If football had one player who we deemed The Natural, the one to whom the game seemed to come most easily and who mastered so many different disciplines and who might be regarded as the greatest player who ever lived, it would be Sammy Baugh.
The former star tailback at Texas Christian, who then helped invent the modern quarterback position with the NFL's Redskins from 1937 to 1952, died Wednesday night at his Texas home at age 94.
Sure, picking the greatest football player ever is a theoretical exercise and an impossible question to answer with any final authority.
Jim Brown might be the most obvious answer. He dominated the game like nobody before him and his production stands the test of time. He probably could have done more, too. But he was a product of the two-platoon era, he played only offense in the NFL, and we'll never know what might have been.
Brown was physically gifted, to be sure, and he dominated other sports, too. Some say he's the greatest lacrosse player who ever lived, in addition to being football's greatest running back. But judged solely by his exploits on the gridiron, he was not The Natural.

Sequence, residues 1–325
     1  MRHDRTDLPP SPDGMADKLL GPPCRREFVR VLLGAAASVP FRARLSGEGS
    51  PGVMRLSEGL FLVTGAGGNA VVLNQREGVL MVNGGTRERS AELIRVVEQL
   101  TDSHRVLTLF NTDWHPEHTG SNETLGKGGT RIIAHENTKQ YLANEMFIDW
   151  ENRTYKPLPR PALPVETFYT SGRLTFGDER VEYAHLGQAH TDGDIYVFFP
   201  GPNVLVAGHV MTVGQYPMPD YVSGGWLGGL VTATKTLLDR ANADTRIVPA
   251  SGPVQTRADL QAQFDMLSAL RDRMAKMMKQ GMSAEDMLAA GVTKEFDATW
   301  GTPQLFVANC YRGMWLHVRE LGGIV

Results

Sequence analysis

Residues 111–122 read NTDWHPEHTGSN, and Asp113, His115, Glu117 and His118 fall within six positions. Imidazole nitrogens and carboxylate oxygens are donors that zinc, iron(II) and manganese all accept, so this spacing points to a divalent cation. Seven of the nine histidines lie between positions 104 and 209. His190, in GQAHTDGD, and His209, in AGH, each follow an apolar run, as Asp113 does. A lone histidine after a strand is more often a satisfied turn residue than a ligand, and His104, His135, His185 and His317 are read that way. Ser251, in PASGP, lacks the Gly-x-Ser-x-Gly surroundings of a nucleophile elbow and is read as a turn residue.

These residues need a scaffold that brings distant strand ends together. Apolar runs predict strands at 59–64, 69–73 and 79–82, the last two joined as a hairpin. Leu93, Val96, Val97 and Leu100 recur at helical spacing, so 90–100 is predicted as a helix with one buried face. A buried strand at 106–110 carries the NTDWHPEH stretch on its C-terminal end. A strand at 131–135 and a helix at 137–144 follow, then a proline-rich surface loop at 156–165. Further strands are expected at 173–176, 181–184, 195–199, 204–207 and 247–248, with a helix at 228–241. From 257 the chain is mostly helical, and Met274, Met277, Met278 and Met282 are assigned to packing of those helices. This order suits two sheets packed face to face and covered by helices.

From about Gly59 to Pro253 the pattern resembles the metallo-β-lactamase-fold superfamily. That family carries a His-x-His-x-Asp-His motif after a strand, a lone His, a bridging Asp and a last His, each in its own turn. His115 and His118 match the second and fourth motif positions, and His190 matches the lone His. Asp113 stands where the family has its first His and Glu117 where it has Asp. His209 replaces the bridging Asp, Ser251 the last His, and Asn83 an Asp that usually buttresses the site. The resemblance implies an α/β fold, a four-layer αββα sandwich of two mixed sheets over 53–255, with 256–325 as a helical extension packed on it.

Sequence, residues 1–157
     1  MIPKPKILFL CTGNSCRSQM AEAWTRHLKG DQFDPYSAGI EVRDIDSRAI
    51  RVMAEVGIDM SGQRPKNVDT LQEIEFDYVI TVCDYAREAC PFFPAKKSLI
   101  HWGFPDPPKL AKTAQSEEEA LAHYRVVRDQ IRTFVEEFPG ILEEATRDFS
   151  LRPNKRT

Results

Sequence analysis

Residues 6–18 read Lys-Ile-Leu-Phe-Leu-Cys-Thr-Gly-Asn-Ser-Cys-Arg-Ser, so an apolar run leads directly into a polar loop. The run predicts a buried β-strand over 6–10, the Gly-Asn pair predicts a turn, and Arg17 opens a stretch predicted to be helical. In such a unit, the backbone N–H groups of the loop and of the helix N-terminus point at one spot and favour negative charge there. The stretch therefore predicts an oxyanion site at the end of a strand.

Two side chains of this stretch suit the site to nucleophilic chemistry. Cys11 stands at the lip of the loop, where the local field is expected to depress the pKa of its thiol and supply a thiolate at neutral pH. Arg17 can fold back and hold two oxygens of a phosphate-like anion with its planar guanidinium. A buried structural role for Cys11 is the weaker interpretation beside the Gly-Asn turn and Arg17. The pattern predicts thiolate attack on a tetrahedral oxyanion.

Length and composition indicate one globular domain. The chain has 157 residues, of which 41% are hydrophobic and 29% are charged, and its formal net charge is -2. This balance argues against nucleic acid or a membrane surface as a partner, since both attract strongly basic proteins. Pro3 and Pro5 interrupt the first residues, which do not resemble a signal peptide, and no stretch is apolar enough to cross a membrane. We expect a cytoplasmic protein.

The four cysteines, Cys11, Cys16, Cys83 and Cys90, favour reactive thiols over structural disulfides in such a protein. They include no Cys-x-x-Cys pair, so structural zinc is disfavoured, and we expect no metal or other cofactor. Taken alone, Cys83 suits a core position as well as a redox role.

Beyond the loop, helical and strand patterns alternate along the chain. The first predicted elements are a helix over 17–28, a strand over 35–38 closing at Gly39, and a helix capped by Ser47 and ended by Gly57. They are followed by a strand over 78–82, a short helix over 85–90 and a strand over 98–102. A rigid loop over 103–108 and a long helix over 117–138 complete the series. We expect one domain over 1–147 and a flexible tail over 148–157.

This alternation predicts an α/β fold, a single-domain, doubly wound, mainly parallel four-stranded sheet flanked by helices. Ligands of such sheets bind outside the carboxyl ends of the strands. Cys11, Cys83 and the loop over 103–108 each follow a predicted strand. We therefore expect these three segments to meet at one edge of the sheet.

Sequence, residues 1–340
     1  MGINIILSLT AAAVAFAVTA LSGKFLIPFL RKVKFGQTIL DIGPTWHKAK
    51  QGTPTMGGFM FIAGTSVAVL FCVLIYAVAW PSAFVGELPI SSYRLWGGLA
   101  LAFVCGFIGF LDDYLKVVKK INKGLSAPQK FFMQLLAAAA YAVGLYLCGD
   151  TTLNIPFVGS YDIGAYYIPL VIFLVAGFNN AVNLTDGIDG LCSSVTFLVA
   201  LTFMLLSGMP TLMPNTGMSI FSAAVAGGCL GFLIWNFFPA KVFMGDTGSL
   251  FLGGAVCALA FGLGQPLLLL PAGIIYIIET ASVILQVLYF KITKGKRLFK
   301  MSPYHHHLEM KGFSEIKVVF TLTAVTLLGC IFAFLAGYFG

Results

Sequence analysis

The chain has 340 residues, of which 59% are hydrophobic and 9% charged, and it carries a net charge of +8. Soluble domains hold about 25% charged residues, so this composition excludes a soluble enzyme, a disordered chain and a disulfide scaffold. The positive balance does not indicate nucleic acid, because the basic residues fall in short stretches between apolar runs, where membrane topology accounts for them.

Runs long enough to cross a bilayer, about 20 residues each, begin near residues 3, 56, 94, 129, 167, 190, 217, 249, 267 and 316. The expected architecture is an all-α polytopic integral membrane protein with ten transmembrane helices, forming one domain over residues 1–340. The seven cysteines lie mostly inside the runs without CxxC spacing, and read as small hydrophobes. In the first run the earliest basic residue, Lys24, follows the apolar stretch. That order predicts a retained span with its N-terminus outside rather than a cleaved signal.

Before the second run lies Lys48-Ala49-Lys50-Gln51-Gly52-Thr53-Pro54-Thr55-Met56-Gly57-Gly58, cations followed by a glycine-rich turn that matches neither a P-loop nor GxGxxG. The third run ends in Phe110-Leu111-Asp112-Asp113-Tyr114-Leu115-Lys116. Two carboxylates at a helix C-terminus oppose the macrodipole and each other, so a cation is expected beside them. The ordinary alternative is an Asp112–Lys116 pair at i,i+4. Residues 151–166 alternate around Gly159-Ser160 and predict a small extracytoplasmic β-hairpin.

Baugh, then, is the surest answer, an all-purpose player who not only could do it all, but who did do it all, and who did it all as well as anybody in history.
He's one of the great passers in history, with numbers that stand the test of time. He was a dominant defensive back, with numbers that stand the test of time. And he's one of the great punters in history, again with numbers that stand the test of time.
Offense, defense and special teams – Slingin' Sammy Baugh was a master of every discipline, a true Da Vinci of the gridiron.
Baugh was a Texas schoolboy phenom, born in the football-rich town of Temple, which later produced Mean Joe Greene.
He landed at TCU in the mid-1930s, sparking the greatest period of football success in school history. As a junior, he led the Horned Frogs to a 12-1 record, a victory over LSU in the 1936 Sugar Bowl and to a claim to the mythical national title. The lone loss came at the hands of Southern Methodist, in a battle for the Southwest Conference title that famed sportswriter Grantland Rice called "one of the greatest football games ever played."
Yes, Rice had a flair for hyperbole. Notre Dame's Four Horsemen, for example, were not "outlined against blue-gray October sky" as Rice looked down on the game from his vantage point up in the press box.
So, given this history, Rice may or may not have seen one of the greatest football games ever played that day in Texas. But we do know he witnessed probably the greatest football player who ever played that day.
Consider that the Horned Frogs had never won a bowl game before Baugh arrived on the scene. Then they won two bowl games with Baugh their star player, following their Sugar Bowl victory of 1936 with a win in the very first Cotton Bowl on Jan. 1, 1937. TCU spent 60 years after Baugh's departure before winning two more bowl games.